FOCUS IN/ON - William Gropper

William Gropper: Early Life and Training

William Gropper, 1897-1977 The Wanderer, c. 1960 Ink with wash on paper, 16" x 14" Hillstrom Museum of Art, gift of Reverend Richard L. Hillstrom ('38)

William Gropper (1897-1977), according to his epitaph, was an artist "whose art was always on the side of man." This description aptly summarizes Gropper's attitude, and also indicates the environment in which he was raised. He was born in New York's Lower East Side, where Jewish immigrants were concentrated. His Gropper grandfather had come from Rumania to the area early, and his parents had very little. Gropper's father was an intellectual who had difficulty holding the menial jobs he found, and the family was supported largely through the efforts of Gropper's mother, who not only labored in a garment workshop but also took home piecework. The youthful Gropper himself worked to help the family, and among his early drawings are images of his mother hunched over a sewing machine at night and of himself as a boy hoisting a heavy barrel as part of his job helping deliver food to local saloons.

Gropper's formal education was sparse. He attended public school only until he was fourteen. He also spent some time in a Jewish heder, largely due to the influence of his grandfather, who exhorted Gropper's parents to raise him religiously (deemed a luxury by the parents). When the grandfather threatened to disinherit the family, they relented and young William began attending a Hebrew school with a stern rabbi who would pinch students when they erred in their lessons.

At an early age, Gropper showed an aptitude for draftsmanship (which was to remain the basis for his art throughout his career), and he received a medal for drawing during his elementary school years. Gropper would frequently sketch, on pads carried in his pockets and on the sidewalks and walls of his neighborhood. These sketches were noticed and led to Gropper being invited to study drawing at the Ferrer School, where he attended night classes from 1912-1915.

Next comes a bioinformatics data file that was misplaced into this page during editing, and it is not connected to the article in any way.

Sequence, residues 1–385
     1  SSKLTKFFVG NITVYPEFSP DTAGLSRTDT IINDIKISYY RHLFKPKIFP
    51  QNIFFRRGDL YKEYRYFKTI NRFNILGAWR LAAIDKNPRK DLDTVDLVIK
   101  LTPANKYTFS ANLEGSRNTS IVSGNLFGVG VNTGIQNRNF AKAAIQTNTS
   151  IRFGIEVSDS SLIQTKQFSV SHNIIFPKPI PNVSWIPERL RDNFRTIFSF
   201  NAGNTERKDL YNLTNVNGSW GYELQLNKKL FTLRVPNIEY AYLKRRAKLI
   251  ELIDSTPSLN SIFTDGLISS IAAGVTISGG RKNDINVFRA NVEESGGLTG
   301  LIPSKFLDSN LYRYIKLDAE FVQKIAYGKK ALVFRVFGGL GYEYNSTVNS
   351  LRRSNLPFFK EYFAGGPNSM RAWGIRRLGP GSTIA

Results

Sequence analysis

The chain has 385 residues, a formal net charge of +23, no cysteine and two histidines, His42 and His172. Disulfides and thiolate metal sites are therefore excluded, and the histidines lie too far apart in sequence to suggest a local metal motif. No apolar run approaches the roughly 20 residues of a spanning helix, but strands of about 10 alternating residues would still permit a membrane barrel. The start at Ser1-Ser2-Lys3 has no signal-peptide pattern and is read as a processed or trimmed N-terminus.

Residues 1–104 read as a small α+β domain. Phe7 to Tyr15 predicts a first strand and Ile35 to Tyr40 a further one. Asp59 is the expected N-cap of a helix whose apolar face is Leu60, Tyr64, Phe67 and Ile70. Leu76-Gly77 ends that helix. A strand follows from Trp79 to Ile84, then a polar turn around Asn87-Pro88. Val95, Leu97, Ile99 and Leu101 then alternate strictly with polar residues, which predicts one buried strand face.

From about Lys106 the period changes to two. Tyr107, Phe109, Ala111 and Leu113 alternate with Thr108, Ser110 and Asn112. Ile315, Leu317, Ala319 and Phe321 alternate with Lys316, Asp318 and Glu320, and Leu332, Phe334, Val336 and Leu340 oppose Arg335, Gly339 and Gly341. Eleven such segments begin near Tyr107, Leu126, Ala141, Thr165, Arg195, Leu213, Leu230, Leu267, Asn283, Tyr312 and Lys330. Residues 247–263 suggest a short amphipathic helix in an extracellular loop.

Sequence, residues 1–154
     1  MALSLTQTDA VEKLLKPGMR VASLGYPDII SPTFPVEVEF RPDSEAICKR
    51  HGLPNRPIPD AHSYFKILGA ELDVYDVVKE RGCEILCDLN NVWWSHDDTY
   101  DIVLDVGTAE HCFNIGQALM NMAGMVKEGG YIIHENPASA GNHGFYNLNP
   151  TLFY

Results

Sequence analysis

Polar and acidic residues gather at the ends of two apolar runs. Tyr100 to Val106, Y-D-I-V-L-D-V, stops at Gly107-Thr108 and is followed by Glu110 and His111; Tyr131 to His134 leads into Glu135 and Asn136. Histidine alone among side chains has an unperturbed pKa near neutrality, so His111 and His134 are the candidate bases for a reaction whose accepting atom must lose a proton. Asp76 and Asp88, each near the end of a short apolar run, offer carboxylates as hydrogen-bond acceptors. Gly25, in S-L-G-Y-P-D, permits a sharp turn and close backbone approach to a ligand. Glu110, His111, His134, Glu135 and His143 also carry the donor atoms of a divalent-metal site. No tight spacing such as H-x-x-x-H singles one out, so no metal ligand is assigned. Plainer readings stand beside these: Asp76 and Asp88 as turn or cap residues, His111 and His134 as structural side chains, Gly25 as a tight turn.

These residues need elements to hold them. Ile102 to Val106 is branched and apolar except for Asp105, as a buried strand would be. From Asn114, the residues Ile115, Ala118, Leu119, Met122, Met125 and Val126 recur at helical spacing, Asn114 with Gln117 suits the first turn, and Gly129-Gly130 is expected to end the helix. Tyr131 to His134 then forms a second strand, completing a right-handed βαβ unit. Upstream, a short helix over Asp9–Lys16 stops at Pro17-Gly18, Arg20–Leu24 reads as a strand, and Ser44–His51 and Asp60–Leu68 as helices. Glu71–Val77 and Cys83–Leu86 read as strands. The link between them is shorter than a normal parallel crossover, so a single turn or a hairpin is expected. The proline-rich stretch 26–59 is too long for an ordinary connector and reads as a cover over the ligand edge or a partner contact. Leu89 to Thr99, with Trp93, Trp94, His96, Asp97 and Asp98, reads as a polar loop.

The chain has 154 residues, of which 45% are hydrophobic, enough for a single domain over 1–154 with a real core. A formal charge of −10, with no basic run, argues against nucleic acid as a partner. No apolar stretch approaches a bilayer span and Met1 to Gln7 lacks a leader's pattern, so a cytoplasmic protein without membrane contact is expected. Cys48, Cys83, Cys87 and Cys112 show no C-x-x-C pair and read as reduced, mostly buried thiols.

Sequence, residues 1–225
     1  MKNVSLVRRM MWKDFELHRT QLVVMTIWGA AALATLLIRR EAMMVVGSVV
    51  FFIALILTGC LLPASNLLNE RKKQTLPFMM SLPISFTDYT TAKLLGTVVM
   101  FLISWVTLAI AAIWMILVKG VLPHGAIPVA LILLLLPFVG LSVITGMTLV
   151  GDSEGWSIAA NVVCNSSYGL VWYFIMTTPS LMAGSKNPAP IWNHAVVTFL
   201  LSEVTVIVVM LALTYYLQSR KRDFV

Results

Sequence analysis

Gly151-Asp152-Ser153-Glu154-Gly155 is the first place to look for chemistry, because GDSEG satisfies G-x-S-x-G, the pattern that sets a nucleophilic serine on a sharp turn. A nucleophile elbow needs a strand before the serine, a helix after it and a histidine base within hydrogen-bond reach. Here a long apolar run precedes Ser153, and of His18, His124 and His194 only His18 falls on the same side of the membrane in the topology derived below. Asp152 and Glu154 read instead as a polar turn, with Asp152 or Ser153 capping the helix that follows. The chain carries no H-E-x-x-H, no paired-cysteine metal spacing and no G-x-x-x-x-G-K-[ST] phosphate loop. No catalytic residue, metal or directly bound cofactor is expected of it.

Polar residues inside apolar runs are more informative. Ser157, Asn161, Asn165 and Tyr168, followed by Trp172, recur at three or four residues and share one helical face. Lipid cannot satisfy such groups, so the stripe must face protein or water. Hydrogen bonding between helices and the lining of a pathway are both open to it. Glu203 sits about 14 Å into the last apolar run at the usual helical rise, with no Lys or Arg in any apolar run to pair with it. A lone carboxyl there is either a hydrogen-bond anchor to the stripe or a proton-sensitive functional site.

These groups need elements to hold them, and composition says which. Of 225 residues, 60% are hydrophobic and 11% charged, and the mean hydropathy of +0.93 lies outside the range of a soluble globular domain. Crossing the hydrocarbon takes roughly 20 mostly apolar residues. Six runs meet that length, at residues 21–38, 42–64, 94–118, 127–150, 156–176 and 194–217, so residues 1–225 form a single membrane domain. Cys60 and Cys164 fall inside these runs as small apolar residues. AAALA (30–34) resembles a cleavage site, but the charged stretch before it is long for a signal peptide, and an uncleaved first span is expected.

The school was a loosely run, very liberal institution named after executed Spanish anarchist and educator Francisco Ferrer (1859-1909). Students there encountered prominent, radical thinkers such as feminist Emma Goldman (1869-1940), a communist and co-founder of the Ferrer School, or Margaret Sanger (1879-1966), the much-maligned early advocate of birth control (whose own son attended the school). Artistic instruction at the Ferrer was quite unstructured, and students and artists of widely varying levels of competency, training, and professional development would work side by side, often sketching from a model and usually having informal discussions or critiques as part of the process. Painter Robert Henri (1865-1929), the leader of the "Ashcan School" that sought to embrace everyday, urban experience was, along with fellow Ashcan artist George Bellows (1882-1925), a principal art instructor at the Ferrer School, and both artists were very influential on Gropper.

In 1915 Gropper met Frank Alvah Parsons, head of the New York School of Fine and Applied Art, and he was offered a scholarship that led to two years of study there, during which he won numerous prizes. This, in turn, led to a job drawing for the New York Tribune, a conservative, anti-Communist publication. Gropper and a reporter from the Tribune were sent to investigate the Industrial Workers of the World (IWW), the socialist association known as the "Wobblies." Instead of submitting the expected critical coverage, Gropper and his colleague became sympathetic and involved themselves in publishing the IWW's paper, The Rebel Worker. Although Gropper worked anonymously as its cartoonist, his style was recognized and the Tribune fired him.